Here is my social network as created by the Mapping tool on Linkedin. It’s not the 100% true picture but it looks like 90% to me. You can use their mapping tool by going here.

Next week, I will post a podcast that I recorded yesterday with the Master of Networks, Valdis Krebs. Anything I know is because of him. He will go much deeper than I – so this is an introduction. (Edit – Here is the link to Valdis’s Podcast)

Diversity - In nature diversity is a good thing – so it is with our social networks. You can see that I am connected to a series of worlds. PEI , Public Media, Network Thinkers, Family and I have 2 outside nets of New Military Thinkers and my legacy Corporate connections.

I think that this does not look too bad – I have good links into many fields. How does your world look?

Our networks are like gardens, we can always make them better. We can always add and remove. We can always pay attention.

We can always strengthen these links. This does not mean that you randomly try and make friends. This mapping tool shows you where to be most effective. For you don’t not have to work everywhere – only where it adds the most value.

Key Connectors

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Lets look at inside PEI. Karen Murchison, John Morris and Cynthia King – all members of the Queen Street Commons have massive connections on PEI to artisans and freelancers. They are themselves clustered in the centre like a sun in a planetary system. The QSC is in reality a hub of the freelance and artisanal life on PEI. If you want to be a successful freelancer on PEI, the QSC is a good place to start.

There is a hierarchy in networks. The ones who are most connected and the ones who connect across networks are the most important. Where do you fit with these key people? Maybe you are one of them. Look at Will Pate in the Green on the top right. Will is an Islander who lives away and is a connector between PEI and the Network Thinkers. Will is important for PEI.

The people who connect one system to another are VERY important people.

Your key networks will share this kind of hierarchy. Important to know how it works and where you stand.

Timebypubmedia
Tim Eby is such a system connector. He is not only well connected inside pub media – he was the Chair of NPR – but is well connected people who can help such as Doc Searls – who is in turn the connector into Network Thinkers. Having the Trust of people like Tim and Doc is therefore important. It is not easily gained either.

This is not a cocktail party – but your life. How you behave is key.

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There are ultra close connectors – as in my case Jevon MacDonald who is like a twin to me. I don’t want to piss Jevon off as he can influence most of my network. You too will have your Jevons. Pay attention to them. They are better than family.

I said that this was just an introduction, so we will stop here. Much more to come with Valdis and later with others.

So when you map your world, check these issues:

  • Are you happy with how diverse it is? If it is not diverse you will find it hard to use crowd sourcing etc and you will be too deep in your own echo chamber
  • Do you know who your key connectors are and do you care enough about them? For they give you the best access to the sub networks?
  • Do you know who counts the most in each network? Again this is all about leverage.

For in the real network world it is not the number of “Friends” you have but the quality of your inner circle.

Is there a better way to see your network? I think that there is. My advice, and Valdis’s advice is to map out your best connections and then see how this works. Here is how you can do this using thePermaflower and Magic Numbers (Dunbar’s Social Gradients). Using your Linkedin map then fill out this more personal map.

Permaflowernetdesignideal.001

Put your 3 most important people in the centre. Then the 8. Then the 80. See how they overlap or don’t. Then you can start to see where you need to pay attention.

You can then use this map to see what you need to do to fit what you need your network to be about. don’t worry the work is not about sucking up.

In the podcast with Valdis we will talk a lot about “Weak Ties” and explode the myth that these are merely casual aquaintances. We will see that trust is the key. Old but good friends are very valuable to us. You don’t need to talk or see them a lot but you have to maintain the trust.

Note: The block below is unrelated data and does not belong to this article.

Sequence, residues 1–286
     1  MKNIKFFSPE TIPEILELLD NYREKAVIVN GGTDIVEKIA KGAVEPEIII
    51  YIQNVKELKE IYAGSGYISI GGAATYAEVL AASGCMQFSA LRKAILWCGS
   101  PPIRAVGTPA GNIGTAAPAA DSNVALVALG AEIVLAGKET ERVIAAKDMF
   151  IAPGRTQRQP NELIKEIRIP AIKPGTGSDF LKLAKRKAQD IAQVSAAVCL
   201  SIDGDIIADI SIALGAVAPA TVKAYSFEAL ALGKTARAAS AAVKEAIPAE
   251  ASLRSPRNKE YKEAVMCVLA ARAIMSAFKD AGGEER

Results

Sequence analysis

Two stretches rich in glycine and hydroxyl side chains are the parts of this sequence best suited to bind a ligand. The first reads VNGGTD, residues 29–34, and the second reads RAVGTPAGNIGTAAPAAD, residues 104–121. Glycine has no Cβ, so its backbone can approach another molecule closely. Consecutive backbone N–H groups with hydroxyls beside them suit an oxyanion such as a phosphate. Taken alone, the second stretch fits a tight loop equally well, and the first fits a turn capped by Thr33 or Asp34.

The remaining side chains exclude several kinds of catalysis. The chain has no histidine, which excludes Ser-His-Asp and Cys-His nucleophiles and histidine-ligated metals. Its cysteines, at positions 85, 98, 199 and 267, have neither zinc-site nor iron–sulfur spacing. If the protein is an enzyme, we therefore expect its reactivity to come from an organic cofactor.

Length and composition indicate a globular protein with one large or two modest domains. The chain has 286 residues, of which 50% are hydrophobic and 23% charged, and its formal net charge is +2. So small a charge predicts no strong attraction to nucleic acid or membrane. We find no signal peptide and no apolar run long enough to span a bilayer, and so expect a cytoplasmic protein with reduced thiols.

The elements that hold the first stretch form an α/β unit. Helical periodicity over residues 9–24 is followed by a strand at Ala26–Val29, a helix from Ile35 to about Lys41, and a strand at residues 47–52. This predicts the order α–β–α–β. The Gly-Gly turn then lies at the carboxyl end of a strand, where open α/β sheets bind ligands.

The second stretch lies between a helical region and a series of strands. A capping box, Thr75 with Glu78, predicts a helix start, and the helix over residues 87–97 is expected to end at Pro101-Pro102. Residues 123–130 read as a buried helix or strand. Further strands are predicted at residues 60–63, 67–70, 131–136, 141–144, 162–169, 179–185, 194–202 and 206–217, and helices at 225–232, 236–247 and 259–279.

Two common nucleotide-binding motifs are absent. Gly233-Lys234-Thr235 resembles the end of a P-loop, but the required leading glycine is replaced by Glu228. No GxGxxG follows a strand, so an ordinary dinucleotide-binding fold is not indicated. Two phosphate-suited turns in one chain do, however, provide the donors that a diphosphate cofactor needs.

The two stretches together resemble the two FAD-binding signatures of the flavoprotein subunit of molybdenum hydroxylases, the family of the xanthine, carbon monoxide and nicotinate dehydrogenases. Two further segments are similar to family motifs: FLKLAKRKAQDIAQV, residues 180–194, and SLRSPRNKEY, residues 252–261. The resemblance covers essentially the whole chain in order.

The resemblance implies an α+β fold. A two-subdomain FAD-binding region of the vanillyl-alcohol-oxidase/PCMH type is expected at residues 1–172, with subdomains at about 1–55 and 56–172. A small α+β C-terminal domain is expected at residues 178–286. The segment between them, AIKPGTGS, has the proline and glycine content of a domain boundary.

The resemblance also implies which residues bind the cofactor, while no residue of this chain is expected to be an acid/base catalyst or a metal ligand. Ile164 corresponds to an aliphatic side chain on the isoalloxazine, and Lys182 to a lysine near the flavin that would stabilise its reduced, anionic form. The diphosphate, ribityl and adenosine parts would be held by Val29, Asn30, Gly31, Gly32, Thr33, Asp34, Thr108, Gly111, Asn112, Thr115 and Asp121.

Later we will explore what you have to BE rather than what you have to DO.

More on all of this in my book - You Don’t Need a Job and even more in the book to come in November – You Don’t Need a Banker. For when it comes to the new credit system – which is of course the OLD credit system – your reputation and your network are everything.

It’s all about the kind of person you are.

The LinkedIn Tool is very easy to use and allows you to do all sorts of tests and analysis – I cannot recomend it enough. Happy exploring.  You future depends on knowing more about your network.

Worried about your future? Why Joining a Co Working Site is a Good Idea

Growthofcoworking
Look at the growth of Co Working sites. What is going on?

What is going on is that we are seeing the emergence of the new face to face workplace that fits the life of the freelancer – who is at the core of the real new economy.  (All images from the 2nd global survey of co working – PDF here)

You can have a job now, be a student, be on the verge of retirement, be just layed off – here is where you can find the network you need and learn how to be a human again.

I think that the Co Working Space is the “Factory” of our time. This is the social space that the Freelancer needs to combat the separation and loneliness of the solo role. This is the social space that opens us each up to the broader network. It is also the space where we learn to be a proper human again – where how we behave matters.

Here is a map that will show you the closest one to you.

Coworkingimpact

What they offer is a real Tribe. While the income has improved – look at all the other parts of life that are better!

Coworkingrural
They were mainly very urban. But look at how they are growing now in rural areas.

The Queen St Commons was started in 2005 – we were one of the first 5 in the world in a city of less than 35,000. We were an oddity but now are more of the new norm as rural co work grows. As more of us leave the city, the Rural Co Working spot becomes more important. Rural sites also have to have an economic model that fits – much more a co-op than a top down space rental.

Lots to learn from each other as new micro models emerge. So lots of good reasons for Co Working spaces to get connected now to each other.

Coworkingglobalnetwirk
The next big move I think will be connecting all the co working sites into a global network. So a member of a site in a rural village can get to London or New York or Mumbai! And then think of the power of the connections?

My new book You Don’t Need a Job - explores more of the value of co working for anyone who wants to put a toe into the real new economy.

Our June Newsletter

Link here for more

My dream for the QSC – To add a Maker Space

Like Assent Works in Winnipeg